So you want to open a car dealership in Georgia? Better get permission from your competitors first
In January of 2010, Honda Motor Company began the preliminary steps of opening a new dealership in Cummings, Georgia. In the midst of a recession, the opening of any new business should be welcomed with open arms. Instead, the existence of this new dealership has been clouded by litigation for the past two years because Honda “made the mistake” of placing the dealership within eight miles of an offsite service center of a preexisting Honda dealer- WNW Honda.
Shortly after Honda announced its plans to open the new dealership, WNW brought suit under the Georgia Motor Vehicle Franchise Practices Act to enjoin the establishment of any new dealerships in the area. Under the Act, any motor vehicle franchisor who wants to establish a new dealership, or to relocate a current dealership, must first get permission to do so from any existing dealerships within an eight-mile radius of the proposed dealership. In short, if you want to open a dealership you have to get your competitors permission first.
Unfortunately, this story is not unique: the 14th Amendment to the Constitution is supposed to protect the rights of all Americans to earn an honest living by working hard or opening a business without having to first be subjected to unreasonable, arbitrary, or protectionist regulations. Yet, nationwide, companies convince cities and states to pass laws in order to block legitimate competition. For example, before you can acquire a license to start a moving company in Missouri, the Department of Transportation is required to notify existing moving companies and give them the chance to object. When they object, you’re required to go through an expensive, time-consuming hearing process where you must prove that there is a “public need” for a new moving company. Of course, the law doesn’t define what a public need is, and even if it did, it is hard to imagine how you could prove such a thing. After all, who would have thought that there was a “need” for a phone that took pictures, a coffee shop that sells sugary coffee, or any of the other businesses that we’ve seen spring up in the last 25 years?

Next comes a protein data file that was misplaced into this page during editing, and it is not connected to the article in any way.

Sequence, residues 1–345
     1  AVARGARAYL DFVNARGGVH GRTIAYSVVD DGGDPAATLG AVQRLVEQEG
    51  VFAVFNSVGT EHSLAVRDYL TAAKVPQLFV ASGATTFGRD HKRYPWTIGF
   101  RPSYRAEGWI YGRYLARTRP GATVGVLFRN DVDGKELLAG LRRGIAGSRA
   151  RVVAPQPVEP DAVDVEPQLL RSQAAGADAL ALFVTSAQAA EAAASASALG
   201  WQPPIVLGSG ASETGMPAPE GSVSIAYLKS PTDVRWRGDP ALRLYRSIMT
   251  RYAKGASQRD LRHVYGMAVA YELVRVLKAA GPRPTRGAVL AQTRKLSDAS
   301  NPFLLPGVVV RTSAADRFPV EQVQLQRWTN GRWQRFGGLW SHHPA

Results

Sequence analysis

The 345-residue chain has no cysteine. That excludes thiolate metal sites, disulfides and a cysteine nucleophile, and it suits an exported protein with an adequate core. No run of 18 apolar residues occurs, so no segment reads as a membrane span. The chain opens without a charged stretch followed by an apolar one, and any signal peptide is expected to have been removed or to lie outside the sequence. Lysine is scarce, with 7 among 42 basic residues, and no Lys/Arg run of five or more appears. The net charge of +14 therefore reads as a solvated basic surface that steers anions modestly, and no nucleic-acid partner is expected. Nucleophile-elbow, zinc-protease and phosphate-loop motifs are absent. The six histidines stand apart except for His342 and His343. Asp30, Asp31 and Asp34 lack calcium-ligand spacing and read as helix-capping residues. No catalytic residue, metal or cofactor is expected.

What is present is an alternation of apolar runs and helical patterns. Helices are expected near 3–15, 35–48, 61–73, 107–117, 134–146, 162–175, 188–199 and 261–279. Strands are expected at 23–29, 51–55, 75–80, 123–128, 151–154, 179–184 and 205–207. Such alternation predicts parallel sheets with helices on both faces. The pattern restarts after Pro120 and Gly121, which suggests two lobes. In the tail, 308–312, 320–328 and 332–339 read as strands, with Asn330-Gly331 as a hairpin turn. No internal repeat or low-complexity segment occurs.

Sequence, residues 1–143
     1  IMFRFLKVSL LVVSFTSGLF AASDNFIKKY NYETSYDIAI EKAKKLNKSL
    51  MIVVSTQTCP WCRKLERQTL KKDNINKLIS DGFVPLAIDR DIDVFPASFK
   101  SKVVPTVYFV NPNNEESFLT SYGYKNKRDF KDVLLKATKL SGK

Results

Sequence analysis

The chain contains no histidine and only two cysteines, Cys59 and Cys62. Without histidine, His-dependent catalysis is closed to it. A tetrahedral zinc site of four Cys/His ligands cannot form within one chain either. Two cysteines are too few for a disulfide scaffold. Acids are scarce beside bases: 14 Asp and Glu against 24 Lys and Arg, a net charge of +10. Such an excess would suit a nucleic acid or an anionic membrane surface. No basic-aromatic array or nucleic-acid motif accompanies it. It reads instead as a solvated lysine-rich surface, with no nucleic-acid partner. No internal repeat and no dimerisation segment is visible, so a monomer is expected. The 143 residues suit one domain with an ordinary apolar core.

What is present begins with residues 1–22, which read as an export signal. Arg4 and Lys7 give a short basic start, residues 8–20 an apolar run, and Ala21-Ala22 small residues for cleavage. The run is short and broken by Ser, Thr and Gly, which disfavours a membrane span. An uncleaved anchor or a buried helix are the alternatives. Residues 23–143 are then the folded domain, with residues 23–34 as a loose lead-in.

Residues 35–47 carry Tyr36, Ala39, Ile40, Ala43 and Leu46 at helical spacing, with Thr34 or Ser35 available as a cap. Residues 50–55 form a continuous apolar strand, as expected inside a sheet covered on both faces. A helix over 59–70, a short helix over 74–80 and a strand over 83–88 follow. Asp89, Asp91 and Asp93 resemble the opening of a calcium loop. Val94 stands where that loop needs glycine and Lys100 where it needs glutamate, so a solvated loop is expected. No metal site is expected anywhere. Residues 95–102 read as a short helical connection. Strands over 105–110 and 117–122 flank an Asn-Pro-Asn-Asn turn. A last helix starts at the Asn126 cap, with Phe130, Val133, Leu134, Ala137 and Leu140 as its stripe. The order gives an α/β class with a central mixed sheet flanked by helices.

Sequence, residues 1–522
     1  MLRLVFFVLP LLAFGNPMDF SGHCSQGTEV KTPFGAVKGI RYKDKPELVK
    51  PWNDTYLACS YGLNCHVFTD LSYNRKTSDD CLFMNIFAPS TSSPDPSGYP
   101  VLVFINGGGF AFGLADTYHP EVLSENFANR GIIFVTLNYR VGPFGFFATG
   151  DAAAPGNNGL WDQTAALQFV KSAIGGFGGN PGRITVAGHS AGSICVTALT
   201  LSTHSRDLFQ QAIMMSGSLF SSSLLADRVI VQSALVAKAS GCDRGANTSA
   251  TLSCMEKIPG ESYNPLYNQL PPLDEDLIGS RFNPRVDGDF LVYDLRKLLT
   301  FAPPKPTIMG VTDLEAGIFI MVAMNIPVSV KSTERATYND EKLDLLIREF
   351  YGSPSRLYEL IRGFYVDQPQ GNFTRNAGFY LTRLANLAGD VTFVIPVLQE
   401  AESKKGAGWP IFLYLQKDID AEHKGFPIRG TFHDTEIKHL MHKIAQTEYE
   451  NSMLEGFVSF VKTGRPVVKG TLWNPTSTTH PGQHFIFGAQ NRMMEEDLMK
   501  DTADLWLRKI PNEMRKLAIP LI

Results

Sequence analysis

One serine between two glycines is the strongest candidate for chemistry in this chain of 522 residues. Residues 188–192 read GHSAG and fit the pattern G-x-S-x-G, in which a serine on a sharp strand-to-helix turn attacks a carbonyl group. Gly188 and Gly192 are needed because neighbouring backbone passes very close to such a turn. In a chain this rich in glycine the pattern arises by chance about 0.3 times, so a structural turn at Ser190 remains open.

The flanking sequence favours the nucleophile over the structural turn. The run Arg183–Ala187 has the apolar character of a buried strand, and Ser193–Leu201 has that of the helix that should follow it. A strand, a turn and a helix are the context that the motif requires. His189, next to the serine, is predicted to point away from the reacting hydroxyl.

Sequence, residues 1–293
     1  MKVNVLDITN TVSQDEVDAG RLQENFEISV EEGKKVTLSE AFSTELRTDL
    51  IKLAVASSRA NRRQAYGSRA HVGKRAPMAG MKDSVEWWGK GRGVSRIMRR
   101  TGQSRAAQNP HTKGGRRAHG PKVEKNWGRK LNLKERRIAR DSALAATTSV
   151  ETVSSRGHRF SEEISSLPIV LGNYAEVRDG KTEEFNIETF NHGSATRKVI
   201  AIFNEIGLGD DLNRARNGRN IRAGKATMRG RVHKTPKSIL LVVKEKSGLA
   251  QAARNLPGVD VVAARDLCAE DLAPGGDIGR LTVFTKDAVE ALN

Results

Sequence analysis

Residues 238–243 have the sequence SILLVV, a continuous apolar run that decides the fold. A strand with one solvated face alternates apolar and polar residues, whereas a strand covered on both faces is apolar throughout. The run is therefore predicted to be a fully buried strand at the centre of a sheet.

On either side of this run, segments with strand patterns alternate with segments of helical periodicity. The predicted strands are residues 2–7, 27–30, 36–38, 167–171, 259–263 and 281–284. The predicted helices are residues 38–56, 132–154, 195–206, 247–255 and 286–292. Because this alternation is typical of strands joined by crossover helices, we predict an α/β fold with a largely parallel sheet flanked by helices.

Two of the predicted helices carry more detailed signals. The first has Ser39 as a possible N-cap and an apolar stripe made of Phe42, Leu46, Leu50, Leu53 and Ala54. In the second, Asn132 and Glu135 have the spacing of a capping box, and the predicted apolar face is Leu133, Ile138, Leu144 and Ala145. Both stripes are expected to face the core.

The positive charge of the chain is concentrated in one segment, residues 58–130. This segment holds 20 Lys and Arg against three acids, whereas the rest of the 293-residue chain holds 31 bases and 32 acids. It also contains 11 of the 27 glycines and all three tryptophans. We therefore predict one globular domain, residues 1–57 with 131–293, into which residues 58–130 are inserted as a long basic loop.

Similarly, until recently, the state of Louisiana required aspiring florists to pass a subjective floral arrangement exam before being licensed to arrange flowers. The $150 exam consisted of two parts: a one-hour written test and a four-hour practical test. The written exam covered such topics as design principles, color schemes, flower and foliage types, plant care, and the mechanics of flower arranging. The practical exam required applicants to make arrangements that would then be subjectively graded by, you guessed it, existing Louisiana florists. Not surprisingly the pass rates on such exams were incredibly low.
Fortunately, last year the state of Louisiana passed a law repealing the subjective portion of the florist exam. Similarly, in both Georgia and Missouri, the protectionist laws mentioned above are working their way through the courts. Yet, even when challenges to such laws are successful, the aggrieved business owners will have spent multiple years and countless dollars in unnecessary litigation just to open businesses that they should have had the right to open in the first place. And that is truly unfortunate.
What to read next
PLF asks the U.S. Supreme Court to rule that there is no “legislative exception” to the unconstitutional conditions doctrine
It seems that some governments and courts prefer to treat Supreme Court precedent as an option, rather than a requirement. The Supreme Court has ruled—twice—that it’s unconstitutional for government to … ›